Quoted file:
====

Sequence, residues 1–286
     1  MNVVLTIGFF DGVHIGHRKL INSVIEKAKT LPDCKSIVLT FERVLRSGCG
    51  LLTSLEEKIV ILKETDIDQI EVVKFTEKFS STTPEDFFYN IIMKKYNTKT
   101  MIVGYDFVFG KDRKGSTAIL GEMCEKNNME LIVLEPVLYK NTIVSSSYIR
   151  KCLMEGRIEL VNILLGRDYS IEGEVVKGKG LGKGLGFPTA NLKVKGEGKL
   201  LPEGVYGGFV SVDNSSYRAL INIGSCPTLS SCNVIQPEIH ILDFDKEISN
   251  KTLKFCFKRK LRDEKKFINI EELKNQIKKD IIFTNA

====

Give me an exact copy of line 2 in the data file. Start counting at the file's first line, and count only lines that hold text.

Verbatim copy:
     1  MNVVLTIGFF DGVHIGHRKL INSVIEKAKT LPDCKSIVLT FERVLRSGCG